House Speaker John Boehner (R-Ohio) promised Thursday that House Republicans will “use every tool at our disposal to stop, slow and delay this agreement from being fully implemented” up to and including suing President Obama to keep him from enforcing the agreement.
Maybe someone else is keeping better count, but that would make at least three times Boehner has gone to the judicial bench after being humiliated in the Congress. The Washington Post report continues:
“Being a conservative is all about grievances,” LOLGOP writes at Electablog. That is why Donald Trump’s complaints about Hugh Hewitt’s gotcha questions, rather than hurting him, play right into the sentiments of his base:
To be a conservative enduring the regime of Barack Obama and facing the end of the end of white Americans making up the majority of population is to be a person who is justifiably pissed at everything.
Jonah Goldberg is pissed at the Trump “cargo cult” masquerading as conservatism. He’s got a list of grievances about how Trump represents “the corrupting of conservatives.” The movement isn’t about politicians or even about self-interest. It is about “shaping a conservative electorate that lines up the incentives so that politicians define their self-interest in a conservative way.”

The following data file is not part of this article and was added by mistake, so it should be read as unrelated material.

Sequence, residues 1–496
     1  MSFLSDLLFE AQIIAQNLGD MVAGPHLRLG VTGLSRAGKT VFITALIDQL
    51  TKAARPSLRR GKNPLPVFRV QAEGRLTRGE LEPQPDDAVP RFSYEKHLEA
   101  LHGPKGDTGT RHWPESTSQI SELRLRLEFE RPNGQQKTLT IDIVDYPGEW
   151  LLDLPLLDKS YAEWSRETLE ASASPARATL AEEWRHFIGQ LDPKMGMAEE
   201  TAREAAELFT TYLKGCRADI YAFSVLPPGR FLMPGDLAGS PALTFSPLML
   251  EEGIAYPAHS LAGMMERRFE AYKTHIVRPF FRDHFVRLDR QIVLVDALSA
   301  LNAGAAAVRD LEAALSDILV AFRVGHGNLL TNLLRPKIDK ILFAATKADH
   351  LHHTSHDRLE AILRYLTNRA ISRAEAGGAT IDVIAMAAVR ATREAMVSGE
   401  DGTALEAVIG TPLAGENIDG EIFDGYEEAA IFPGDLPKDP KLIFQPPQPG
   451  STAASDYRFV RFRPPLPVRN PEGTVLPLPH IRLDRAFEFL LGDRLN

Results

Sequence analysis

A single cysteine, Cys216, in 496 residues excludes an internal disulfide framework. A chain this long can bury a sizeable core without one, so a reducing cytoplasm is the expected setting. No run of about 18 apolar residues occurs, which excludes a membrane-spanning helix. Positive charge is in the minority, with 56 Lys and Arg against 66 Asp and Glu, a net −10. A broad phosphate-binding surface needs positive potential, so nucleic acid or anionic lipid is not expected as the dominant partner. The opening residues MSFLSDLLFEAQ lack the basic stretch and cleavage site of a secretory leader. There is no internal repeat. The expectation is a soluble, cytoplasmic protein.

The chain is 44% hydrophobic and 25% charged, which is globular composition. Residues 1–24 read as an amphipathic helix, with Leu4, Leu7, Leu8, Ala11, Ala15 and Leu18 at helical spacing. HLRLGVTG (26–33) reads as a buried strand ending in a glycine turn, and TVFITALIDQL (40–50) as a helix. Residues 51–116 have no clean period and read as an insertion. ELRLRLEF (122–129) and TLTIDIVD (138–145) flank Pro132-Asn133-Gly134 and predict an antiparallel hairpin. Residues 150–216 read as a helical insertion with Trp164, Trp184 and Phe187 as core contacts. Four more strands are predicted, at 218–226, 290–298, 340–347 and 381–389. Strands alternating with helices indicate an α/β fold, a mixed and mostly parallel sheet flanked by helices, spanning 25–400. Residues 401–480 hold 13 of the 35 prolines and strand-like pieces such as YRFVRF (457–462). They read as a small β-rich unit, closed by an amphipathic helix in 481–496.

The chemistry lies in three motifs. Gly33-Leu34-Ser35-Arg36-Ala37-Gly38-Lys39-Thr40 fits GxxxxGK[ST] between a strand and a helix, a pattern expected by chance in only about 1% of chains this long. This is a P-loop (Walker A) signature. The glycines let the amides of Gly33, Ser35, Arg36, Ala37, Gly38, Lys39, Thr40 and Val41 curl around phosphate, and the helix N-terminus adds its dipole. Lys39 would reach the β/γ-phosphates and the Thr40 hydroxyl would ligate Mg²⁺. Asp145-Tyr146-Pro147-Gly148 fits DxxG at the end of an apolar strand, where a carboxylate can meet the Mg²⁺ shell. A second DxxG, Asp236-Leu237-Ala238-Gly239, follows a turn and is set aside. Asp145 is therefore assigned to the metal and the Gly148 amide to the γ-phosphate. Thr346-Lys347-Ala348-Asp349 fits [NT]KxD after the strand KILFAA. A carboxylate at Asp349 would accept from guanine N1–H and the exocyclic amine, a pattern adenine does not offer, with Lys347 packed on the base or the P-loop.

Except the conservative movement has
suckered shaped the electorate for decades by feeding its base a steady diet of bluster and bullshit (as Paul Krugman again points out this morning). It’s what the base has been taught to like. It’s what they’ve been taught to want. Trump is just better at delivering it than mainstream conservatives (if that term has any meaning left).
By riding instead of manipulating public opinion like a proper conservative, Trump makes a mockery of conservatism. Goldberg complains: Trump the populist is running on popularity rather than principle; the megalomaniac has no character; he doesn’t care enough about the country to even do his homework, as if homework is for losers.